2. When psychological hazards in the workplace have been identified, it’s important to develop appropriate control measures. These will be unique to the situation, but may involve things like altering the frequency and duration of exposure to psychological hazards (whether that’s distressing content or excessive workloads), considering breaks and rest periods, introducing strategies for dealing with exposure to cumulative trauma, talking about the potential psychological risks before, during and after an assignment / programme (particularly in terms of trauma, as this serves to normalise the reactions people may experience and encourage help seeking), ensuring people know what to do if they have been affected (i.e. self care, support services).
  3. Provide or signpost support for those who are affected – if someone becomes psychologically unwell or experiences a significant negative reaction in relation to their work, then appropriate support should be signposted. This could be the Employee Assistance Programme (EAP), a BBC Trauma Risk Management (TRiM) assessment, Occupational Health, the individual’s GP or other external services. You may also wish to contact HR’s Manager Advice Service for assistance.

“There is also guidance available for programme teams on managing the psychological safety and well-being of contributors to BBC programmes (see Useful Documents)”. 

What help is available?

BBC employees can access information, training and confidential support in relation to assessing and managing potential traumatic / psychological risks (see Recommended Links).

The BBC also has a network of trained staff who are able to advise and support colleagues who have been involved in a one-off traumatic event and identify those in need of further professional help. They are trained in an approach called Trauma Risk Management (TRiM) which was pioneered in the UK Military (see Useful Documents for list of BBC TRiM trained staff).

BBC News Group have also produced some video and reference material about encountering trauma when working in journalism. This includes witnessing, reporting on, producing, editing or recording news stories that can all prompt strong emotional reactions. There is also guidance on managing psychological safety for those who work with graphic material – see Recommended Links.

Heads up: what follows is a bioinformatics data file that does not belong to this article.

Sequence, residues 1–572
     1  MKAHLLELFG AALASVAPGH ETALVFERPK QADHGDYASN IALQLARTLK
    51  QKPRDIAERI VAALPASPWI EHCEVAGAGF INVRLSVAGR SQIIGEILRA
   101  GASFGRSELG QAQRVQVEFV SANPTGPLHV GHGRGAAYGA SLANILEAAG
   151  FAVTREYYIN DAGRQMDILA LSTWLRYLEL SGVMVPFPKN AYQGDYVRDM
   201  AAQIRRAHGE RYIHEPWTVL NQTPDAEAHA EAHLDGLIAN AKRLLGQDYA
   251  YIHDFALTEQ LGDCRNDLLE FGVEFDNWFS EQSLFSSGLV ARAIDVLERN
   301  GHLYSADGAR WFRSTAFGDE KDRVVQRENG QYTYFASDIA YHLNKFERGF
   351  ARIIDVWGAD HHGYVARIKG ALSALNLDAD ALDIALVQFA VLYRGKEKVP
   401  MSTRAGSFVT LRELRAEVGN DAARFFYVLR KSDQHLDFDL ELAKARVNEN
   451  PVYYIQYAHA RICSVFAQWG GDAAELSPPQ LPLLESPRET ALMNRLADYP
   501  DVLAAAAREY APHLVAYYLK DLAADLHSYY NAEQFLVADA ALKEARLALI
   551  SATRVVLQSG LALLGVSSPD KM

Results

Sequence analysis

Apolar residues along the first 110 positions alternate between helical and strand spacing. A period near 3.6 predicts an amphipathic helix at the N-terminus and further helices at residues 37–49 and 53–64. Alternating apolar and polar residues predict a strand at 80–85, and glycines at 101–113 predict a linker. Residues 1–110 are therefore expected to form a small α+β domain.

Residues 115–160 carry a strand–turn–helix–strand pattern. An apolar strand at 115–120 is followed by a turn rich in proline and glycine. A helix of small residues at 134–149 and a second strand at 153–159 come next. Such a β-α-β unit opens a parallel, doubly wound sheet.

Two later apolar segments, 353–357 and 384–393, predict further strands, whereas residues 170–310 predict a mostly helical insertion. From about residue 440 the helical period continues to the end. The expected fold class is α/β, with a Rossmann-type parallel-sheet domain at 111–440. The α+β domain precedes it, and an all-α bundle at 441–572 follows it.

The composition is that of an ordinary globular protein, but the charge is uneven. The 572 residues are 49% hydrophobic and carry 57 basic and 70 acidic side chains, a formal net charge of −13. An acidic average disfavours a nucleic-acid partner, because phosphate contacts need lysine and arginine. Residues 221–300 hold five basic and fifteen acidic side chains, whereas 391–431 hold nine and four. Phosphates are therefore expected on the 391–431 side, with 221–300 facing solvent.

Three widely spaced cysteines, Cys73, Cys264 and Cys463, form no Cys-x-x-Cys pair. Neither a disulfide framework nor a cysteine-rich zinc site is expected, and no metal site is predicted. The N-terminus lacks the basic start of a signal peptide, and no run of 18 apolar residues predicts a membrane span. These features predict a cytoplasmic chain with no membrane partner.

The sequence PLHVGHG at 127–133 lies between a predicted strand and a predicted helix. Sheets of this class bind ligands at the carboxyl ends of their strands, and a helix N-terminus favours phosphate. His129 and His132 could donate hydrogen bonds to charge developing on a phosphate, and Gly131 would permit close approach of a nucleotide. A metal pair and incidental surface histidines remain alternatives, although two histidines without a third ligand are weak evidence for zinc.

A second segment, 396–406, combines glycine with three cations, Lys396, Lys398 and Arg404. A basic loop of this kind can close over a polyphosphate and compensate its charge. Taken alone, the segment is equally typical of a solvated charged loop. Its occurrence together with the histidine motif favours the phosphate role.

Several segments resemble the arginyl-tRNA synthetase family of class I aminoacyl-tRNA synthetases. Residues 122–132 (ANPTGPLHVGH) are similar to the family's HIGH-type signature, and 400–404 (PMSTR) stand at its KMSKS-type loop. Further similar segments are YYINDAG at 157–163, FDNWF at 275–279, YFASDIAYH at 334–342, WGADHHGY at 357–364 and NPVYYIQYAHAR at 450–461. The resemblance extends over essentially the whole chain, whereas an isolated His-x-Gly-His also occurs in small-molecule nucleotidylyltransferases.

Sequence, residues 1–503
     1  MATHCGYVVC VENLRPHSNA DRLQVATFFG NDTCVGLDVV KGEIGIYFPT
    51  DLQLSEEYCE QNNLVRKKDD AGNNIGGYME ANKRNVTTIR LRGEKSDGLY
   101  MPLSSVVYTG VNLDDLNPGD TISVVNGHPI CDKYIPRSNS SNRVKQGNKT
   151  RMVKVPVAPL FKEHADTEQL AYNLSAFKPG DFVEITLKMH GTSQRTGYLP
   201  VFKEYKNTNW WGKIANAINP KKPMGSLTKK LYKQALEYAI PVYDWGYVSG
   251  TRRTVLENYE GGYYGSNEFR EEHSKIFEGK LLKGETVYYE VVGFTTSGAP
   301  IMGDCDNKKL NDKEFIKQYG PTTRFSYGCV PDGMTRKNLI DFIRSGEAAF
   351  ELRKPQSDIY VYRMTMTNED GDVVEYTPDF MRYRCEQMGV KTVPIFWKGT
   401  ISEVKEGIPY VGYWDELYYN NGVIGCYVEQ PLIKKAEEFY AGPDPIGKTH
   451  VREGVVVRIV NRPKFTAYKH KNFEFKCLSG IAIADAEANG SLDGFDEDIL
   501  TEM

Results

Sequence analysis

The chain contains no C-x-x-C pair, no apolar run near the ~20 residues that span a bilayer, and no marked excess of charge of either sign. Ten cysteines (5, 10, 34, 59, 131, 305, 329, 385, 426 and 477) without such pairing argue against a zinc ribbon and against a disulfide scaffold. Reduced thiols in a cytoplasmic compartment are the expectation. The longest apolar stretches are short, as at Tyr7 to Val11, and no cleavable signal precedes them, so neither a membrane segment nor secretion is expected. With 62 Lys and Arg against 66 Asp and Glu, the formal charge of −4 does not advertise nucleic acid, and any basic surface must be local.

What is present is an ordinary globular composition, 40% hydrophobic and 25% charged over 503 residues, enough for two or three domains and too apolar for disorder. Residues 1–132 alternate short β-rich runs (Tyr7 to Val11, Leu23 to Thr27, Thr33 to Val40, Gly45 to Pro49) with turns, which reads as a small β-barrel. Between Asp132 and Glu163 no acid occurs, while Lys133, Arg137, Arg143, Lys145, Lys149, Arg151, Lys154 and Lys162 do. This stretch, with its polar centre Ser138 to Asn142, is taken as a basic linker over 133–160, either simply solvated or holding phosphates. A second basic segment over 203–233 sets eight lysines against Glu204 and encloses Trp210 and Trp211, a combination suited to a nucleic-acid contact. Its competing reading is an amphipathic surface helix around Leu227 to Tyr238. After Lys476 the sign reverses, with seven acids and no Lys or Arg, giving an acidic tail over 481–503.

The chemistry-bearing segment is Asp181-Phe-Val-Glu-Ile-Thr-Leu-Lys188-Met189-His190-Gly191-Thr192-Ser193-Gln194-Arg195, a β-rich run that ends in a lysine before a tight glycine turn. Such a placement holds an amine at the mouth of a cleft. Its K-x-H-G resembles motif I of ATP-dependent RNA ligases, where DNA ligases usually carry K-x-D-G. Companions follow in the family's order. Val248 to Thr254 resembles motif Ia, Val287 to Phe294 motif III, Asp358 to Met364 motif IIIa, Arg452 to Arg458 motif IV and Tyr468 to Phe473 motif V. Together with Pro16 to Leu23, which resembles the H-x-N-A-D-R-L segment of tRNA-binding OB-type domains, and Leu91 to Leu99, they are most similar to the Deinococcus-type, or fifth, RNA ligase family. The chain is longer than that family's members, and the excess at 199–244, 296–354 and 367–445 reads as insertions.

It’s important to remember that experiencing strong feelings or reactions after witnessing or encountering a traumatic event is normal and doesn’t necessarily mean that people will go on to develop Post Traumatic Stress Disorder (PTSD). But people may well need help or support to come to terms with the experience.

If you are involved in interviewing emotionally vulnerable people, you can also access training on this – see Recommended Links for the Interviewing Traumatised People training.

Where can I find out more?

You can find out more about the BBC’s approach to trauma support through the relevant links. You can also access details of the upcoming TRiM courses if you are interested in becoming a practitioner for the BBC and supporting others. TRiM practitioners are also part of the BBC’s Mental Health Network, which includes Mental Health First Aiders (MHFAs) too.

The BBC’s Employee Assistance Programme (EAP) provides specialist support in relation to psychological trauma. This combines the offering of structured telephone counselling and a trauma programme where appropriate. One of the things that many people find helpful is to understand their reactions as normal responses to an abnormal event. Understanding what is happening in their body and brain can give them a sense of control. Importantly, they can then help their body and brain to settle down and move on from the event by using strategies that are tried and tested. To access the EAP, please see details in the recommended links section.